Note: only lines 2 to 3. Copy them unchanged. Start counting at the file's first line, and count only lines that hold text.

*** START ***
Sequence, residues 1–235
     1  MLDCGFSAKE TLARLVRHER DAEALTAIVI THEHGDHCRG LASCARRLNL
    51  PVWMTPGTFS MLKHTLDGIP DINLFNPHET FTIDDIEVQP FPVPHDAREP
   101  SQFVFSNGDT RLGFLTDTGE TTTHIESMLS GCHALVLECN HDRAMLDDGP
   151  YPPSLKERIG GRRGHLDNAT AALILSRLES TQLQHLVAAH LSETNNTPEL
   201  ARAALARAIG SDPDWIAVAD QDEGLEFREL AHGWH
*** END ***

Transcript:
     1  MLDCGFSAKE TLARLVRHER DAEALTAIVI THEHGDHCRG LASCARRLNL
    51  PVWMTPGTFS MLKHTLDGIP DINLFNPHET FTIDDIEVQP FPVPHDAREP